Thanks for calling out this white racist fascist oligarch for what he so obviously is. The call for his impeachment has nothing to do with partisan politics, although some would like to see it as only that. The real desire for his removal from office stems from the need to rid ourselves of an evil leader. The real question is how much of Trump’s garbage are the American people willing to swallow, before they say ENOUGH!

    • Britton
      October 8, 2017 at 03:44

      Mike K, can you please supply evidence to this charge of racism? I’ve heard and seen what we all have, he says un PC things but i dont see that as proof. How man white protesters has he mocked or criticized? Women, men, he doesnt care. He is a disgusting human, but actions speak louder than words. He campaigned like hitler but his policies and actions…not so much. I hate the two party system, we have trump because he is the president the American people deserve. This is what happens when you a majoritty of the population is asleep at the wheel, they can point out every Kardasian but not 3 senators or the vice president. He is he ugly reflection in a dirty mirror. How many have died of starvation in Yemen from the Saudi Campaign the USA has supported during Obamas presidency? Or the Bush/Obama 15 year war topped off with bailouts? Why do they tout Obama as a great president, Gitmo Bay is still open? Partisan is a blind eye when your guy is in office

  10. majorosmosis
    October 4, 2017 at 10:58

    Great op-ed! One small point, though. Please don’t refer to Puerto Rico as a “Commonwealth.” Virginia, for example, is truly a Commonwealth. On paper, Puerto Rico is known as a “Free Associated State”…but in reality, it is a COLONY. If you don’t agree, just ask the United Nations. Colonialism is alive and well in the 21st Century in the United States of America.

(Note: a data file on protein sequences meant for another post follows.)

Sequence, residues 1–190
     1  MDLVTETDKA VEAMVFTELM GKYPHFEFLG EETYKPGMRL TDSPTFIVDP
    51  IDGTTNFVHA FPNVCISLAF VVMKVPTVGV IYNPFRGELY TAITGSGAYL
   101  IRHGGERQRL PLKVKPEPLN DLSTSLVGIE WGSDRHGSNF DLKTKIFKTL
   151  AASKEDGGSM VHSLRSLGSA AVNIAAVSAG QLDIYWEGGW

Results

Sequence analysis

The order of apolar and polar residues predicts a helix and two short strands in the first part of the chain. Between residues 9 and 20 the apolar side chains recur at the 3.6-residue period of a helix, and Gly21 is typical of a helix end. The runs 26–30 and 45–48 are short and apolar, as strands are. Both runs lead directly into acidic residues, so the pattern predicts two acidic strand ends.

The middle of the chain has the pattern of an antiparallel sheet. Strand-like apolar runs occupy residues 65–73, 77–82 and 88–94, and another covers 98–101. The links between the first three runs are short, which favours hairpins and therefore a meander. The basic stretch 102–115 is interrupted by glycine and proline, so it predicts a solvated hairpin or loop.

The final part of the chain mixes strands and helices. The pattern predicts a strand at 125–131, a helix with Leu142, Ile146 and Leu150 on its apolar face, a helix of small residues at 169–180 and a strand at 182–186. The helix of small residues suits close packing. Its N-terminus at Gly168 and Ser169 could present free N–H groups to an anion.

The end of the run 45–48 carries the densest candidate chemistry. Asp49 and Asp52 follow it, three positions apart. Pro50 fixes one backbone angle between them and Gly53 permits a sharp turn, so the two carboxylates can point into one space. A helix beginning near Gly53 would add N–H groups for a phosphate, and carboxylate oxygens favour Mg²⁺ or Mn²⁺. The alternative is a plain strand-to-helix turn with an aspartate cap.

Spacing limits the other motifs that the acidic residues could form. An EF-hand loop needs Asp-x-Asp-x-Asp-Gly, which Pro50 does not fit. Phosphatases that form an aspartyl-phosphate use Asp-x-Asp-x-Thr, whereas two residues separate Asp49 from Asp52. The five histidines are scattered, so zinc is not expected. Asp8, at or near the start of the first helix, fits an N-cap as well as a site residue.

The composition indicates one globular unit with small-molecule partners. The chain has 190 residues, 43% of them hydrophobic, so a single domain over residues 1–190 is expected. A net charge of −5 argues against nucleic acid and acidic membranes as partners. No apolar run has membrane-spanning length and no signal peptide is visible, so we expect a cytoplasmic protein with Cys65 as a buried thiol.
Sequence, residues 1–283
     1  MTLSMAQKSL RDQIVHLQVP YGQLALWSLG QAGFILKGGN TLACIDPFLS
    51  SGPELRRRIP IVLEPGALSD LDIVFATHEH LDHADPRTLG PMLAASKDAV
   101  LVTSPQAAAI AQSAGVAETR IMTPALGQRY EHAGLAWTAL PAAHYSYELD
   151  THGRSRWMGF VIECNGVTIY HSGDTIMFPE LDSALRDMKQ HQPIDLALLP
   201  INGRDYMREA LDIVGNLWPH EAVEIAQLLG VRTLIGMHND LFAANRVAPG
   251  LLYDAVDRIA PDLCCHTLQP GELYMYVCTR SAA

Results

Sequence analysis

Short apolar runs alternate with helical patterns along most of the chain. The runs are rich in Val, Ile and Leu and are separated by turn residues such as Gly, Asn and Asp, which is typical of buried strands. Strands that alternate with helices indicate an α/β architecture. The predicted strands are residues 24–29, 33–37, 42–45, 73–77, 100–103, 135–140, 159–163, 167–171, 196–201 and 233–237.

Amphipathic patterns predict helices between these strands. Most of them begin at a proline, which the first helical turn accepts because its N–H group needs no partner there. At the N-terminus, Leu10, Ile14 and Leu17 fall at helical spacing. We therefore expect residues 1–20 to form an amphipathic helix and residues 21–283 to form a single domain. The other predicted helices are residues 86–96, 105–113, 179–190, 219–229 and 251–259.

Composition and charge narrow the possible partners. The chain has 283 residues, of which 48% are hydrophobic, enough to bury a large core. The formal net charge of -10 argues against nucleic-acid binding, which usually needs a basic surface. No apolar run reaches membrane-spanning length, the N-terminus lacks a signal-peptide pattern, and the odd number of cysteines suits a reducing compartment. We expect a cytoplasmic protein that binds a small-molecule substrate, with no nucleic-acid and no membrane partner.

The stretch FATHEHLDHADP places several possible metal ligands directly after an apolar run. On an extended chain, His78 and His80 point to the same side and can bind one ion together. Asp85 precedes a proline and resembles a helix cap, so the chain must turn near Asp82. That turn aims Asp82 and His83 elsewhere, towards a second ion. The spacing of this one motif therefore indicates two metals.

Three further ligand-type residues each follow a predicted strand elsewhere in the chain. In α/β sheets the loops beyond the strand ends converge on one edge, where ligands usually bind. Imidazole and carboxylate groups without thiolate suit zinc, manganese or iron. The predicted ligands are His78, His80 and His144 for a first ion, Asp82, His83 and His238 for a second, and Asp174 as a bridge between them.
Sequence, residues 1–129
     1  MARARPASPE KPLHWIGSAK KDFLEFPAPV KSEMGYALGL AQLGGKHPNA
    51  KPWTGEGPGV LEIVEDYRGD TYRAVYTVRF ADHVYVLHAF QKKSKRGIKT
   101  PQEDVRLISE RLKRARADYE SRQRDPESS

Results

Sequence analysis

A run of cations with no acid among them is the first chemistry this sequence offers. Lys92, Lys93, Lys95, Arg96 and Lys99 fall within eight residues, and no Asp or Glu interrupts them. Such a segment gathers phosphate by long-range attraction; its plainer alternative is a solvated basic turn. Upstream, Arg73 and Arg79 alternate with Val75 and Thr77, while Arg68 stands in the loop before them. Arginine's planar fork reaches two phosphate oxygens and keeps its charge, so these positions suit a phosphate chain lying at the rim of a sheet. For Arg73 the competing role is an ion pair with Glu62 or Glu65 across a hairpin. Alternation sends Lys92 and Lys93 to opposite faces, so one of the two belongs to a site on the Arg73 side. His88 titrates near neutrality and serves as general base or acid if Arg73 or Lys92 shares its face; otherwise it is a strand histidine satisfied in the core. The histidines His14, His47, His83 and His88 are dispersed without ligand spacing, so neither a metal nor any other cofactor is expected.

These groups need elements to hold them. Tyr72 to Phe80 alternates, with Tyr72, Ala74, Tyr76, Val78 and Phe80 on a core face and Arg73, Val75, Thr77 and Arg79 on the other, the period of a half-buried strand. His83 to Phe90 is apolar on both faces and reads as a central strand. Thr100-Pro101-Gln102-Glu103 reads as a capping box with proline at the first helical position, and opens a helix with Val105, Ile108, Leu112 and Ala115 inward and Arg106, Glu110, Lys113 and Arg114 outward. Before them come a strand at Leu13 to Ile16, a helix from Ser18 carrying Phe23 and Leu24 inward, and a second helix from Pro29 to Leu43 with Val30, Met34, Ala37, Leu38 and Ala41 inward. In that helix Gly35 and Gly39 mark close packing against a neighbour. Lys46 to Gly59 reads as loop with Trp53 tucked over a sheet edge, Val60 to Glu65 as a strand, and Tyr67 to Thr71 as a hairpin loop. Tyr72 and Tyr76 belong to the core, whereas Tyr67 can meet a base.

• mike k
      October 4, 2017 at 11:13

      Thanks for your comment. Prior to recent events, I really had no idea what the US relationship to Puerto Rico was. That it turns out to be a master/slave relationship somehow does not surprise me.

    • Brad Owen
      October 4, 2017 at 13:32

      It was my understanding that P.R. is a U.S. territory with the option of voting to become the 51st state or voting to become a Sovereign Nation. Is this not correct? This is an issue that is colored by what happened to USA after FDRs death (ie. coup by Synarchist Oligarchy assets).

    • Guest
      October 5, 2017 at 15:33

      Isn’t a colony supposed to be a net benefit to the colonialist power? What exactly does PR offer?

    • Anon
      October 7, 2017 at 06:08

      I think you mean parasitism is alive and well, etc.

      Let us give PR its freedom then listen to the cries of terror as the chains of “colonialism” are removed.

      • Britton
        October 8, 2017 at 03:36

        lolol you do realize they have themselves to blame for their debt, their status with america makes it possible for their citizens to leave the country to the usa. Ill leave a quote from an investment article abou peurto ricos debt from the week.com dated march 2017
        How much spending could be cut?
        A lot. Puerto Rico has made some bad financial decisions. The island’s government-owned power utility, for example, has piled up $9 billion in debt by providing free electricity to all municipalities and government-owned enterprises — although not to Puerto Rico’s citizens. Because municipalities haven’t faced electricity bills, they have happily invested in energy-intensive, economically dubious projects. Authorities in the city of Aguadilla operate a water park billed as the biggest in the Caribbean, a minor league baseball stadium illuminated by floodlights, and — believe it or not — an ice-skating rink. “Imagine how much it costs to have an ice-skating rink in the tropics,” says economist Sergio Marxuach.

Comments are closed.